The Lu Yuegang Dossier
This post collects some information on Lu Yuegang, who is the author of a famous letter (see Link).
From the front cover of Yazhou Zhoukan (August 1, 2004 issue)
(Financial Times) Chinese media control attacked in letter. By Mure Dickie. July 24, 2004.
A Chinese journalist's eloquent protest against his newspaper's political masters has thrown a spotlight on the Communist government's media controls.
An open letter by Lu Yuegang, veteran reporter at the China Youth Daily, to a senior cadre at its parent Communist party Youth League has drawn widespread attention recently after being posted on the internet. The 13,000-character letter to League official Zhao Yong is the most public expression in years of the deep dissatisfaction of many Chinese journalists at the restrictions on their work imposed by party propaganda commissars.
It comes at a time of dramatic change in China's media as the government pushes reforms intended to commercialise newspapers and broadcasters by attracting foreign and private investment while retaining state control over content.
Mr Lu wrote that Youth Daily staff had long taken a pragmatic view of the role of a Communist party paper, "holding their noses" when filling news pages with the activities of Youth League leaders and "transmitting lies when forced to do so by senior levels". But a desire to be professional and objective journalists meant such accommodation had limits.
"The China Youth Daily can be a rubbish bin for the League central committee, but the paper itself must absolutely not be turned into rubbish," he wrote. "There will certainly be people to produce a garbage paper, but it won't be us."
Mr Lu's letter was prompted by Mr Zhao's speech last month to managers at the Youth Daily - one of the country's boldest newspapers - in which Mr Zhao condemned "idealistic" journalist practice and made clear dissent would not be tolerated.
Mr Lu accused Mr Zhao and his League comrades of undermining the newspaper's journalistic culture and seizing the opportunity provided by a scandal surrounding an erroneous article on prostitution last year to tighten their control. They had ignored an appeal by 70 editors and reporters for an editor sacked over the story to be reinstated. "Of course, in your excellencies' eyes, public opinion and dog excrement are both matters of no significance and you surely will not care about an unsightly mark on the historical record," he wrote.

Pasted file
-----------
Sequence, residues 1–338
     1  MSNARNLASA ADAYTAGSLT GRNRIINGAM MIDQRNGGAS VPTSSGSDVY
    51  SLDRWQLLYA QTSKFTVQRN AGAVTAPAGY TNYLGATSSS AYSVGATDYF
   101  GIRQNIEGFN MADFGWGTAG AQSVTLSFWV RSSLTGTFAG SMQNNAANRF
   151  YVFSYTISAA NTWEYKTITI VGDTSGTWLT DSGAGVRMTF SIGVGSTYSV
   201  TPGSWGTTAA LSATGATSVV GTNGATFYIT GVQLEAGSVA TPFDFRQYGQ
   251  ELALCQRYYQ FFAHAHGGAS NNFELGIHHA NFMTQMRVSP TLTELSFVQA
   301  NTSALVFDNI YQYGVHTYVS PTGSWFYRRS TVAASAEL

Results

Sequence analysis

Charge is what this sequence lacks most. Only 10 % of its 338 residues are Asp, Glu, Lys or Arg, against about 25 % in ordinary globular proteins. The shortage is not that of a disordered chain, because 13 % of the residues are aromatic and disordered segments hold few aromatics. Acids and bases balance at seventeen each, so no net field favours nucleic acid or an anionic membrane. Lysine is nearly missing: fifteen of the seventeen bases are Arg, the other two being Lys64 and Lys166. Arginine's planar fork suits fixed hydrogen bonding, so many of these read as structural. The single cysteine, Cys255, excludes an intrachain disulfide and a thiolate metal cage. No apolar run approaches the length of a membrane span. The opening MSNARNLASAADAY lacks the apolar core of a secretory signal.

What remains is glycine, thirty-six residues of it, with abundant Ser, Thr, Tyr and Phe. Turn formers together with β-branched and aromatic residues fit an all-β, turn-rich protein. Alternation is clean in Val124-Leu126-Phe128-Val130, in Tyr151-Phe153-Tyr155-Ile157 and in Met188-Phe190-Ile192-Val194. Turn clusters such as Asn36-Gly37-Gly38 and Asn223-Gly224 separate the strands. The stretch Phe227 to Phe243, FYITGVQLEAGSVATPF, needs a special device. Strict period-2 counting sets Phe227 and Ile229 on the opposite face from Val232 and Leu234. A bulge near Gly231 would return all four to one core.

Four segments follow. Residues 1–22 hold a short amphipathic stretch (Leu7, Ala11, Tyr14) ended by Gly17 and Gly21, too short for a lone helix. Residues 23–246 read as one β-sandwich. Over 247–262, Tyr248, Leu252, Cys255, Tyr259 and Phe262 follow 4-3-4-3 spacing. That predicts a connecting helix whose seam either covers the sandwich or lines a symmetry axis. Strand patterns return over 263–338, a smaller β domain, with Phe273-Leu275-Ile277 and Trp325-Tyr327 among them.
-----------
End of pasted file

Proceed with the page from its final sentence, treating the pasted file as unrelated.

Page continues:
But Mr Lu, who won international attention in 2000 when he and the China Youth Daily were sued by local officials in western Shaanxi province over a story drawing attention to a brutal acid attack on a local woman, also made more general criticisms.
The Maoist dictum that the party must control both "the barrel of the gun and the barrel of the pen" was hopelessly unsuited to modern China's needs, he wrote, blaming a harsh editorial in the party's People's Daily as a factor behind the bloody end to student protests in Tiananmen Square in 1989.
Such bold criticism remains risky in China. But staff at the Youth Daily said Mr Lu did not appear to have been subjected to any punishment over his letter. Mr Lu and Mr Zhao declined comment.
(SCMP) Journalist slams party for 'taming' paper. By Naiele Chou Wiest. July 19, 2004.
An investigative journalist has launched a scathing attack on the heavy-handed interference that he says has turned the formerly spirited China Youth Daily into a docile propaganda sheet.
In an internal memo, Lu Yuegang criticised the leadership of the Communist Party Youth League for intimidating staff and disregarding the paper's tradition of idealism and teamwork.
Lu's anger was directed at Zhao Yong , the No2 official in the Youth League's Central Committee, who visited staff on May 24 and told them the paper was not the place for "idealism".
The China Youth Daily journalist traced the changes at the paper to the handling of a controversial story run by its tabloid subsidiary, the Youth Reference. After a junior reporter wrote about female university students turning to prostitution in Wuhan , the reporter was fired and a senior editor dismissed for failing to exercise oversight.
A massive management reshuffle followed the scandal and while the changes poisoned the atmosphere, the newsroom was not tamed. More than 70 editors and reporters sent a joint letter to the Youth League's central committee asking for the senior editor to be reinstated, but their plea was rejected.
Lu admitted that editorial staff at the China Youth Daily had always walked a fine line between propaganda and professional journalism, but new leaders like Mr Zhao were seeking to rewrite the "rules of the game" and upset the balance. "The bottom line is that the league's Central Committee can place trash cans at the China Youth Daily, but it cannot turn the China Youth Daily into trash," he wrote.
Lu has been besieged by reporters since his memo started circulating on the internet, but he told the South China Morning Post that the Youth League had not tried to silence him. However, he does not want to speculate on what could happen later. "Things could change," he said vaguely.
Widely regarded as one of the finest investigative reporters of his generation, the 46-year-old Lu has never shied from controversy. He has been involved in many skirmishes with authorities, including a drawn-out defamation suit with officials of Shaanxi province over his reports on an assault case.